The Great Mothers
In the Islamic faith, the Mothers of Believers were twelve remarkable women chosen to lead the nation. While Prophet Mohammed surrounded himself with his male disciples, he shared a more intimate connection with a select group of women—his wives.
This exhibition serves as a prelude to a larger one scheduled for next year at the MIA. It includes works-in-progress and finished pieces that pay tribute to two exceptional women who left permanent marks on the world: Khadijah and Hafsah.
Khadijah, Muhammad's first wife, was the first Muslim. Her unwavering support played a pivotal role in the triumph and endurance of Islam. In my work, I usually juxtapose portraits against a backdrop of Islamic and Arabic patterns. I have been experimenting with octagonal designs, inserting a famous scene from Khadijah's life. In it she provided refuge to her husband after being alarmed by Gabriel's first appearance in Hira's cave, where he meditated. I called this work "Contain Me."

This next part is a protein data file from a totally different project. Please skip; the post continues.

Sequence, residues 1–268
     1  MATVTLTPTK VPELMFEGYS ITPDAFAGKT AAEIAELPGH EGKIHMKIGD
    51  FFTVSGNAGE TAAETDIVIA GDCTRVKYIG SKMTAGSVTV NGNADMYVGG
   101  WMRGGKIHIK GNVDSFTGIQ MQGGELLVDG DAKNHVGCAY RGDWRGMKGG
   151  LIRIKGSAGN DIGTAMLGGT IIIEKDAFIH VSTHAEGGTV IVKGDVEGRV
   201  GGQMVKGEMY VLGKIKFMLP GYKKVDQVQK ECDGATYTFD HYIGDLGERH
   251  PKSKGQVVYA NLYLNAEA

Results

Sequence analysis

Hafsah bint Omer, a later wife of Muhammad, undertook the monumental responsibil- ity of preserving the Qur'an until early khalifs could transcribe it. This contribution es- tablishes her as a crucial figure in disseminating Islamic teachings. The installation "The Scribe" is an homage to her. In this work, I created a large cutout painting on wood. Then I screen-printed canvas sheets with a pattern of this portrait's outline and a twelve-fold Is- lamic motif.
This is a new approach to the portrait for me. Instead of incorporating it in the canvas im- agery, I made it stand out in front.
Scholars have long recognized the pivotal role these women played in shaping the Islam we know today, and contemporary researchers are increasingly realizing that their influ- ence may be even more profound than previously acknowledged.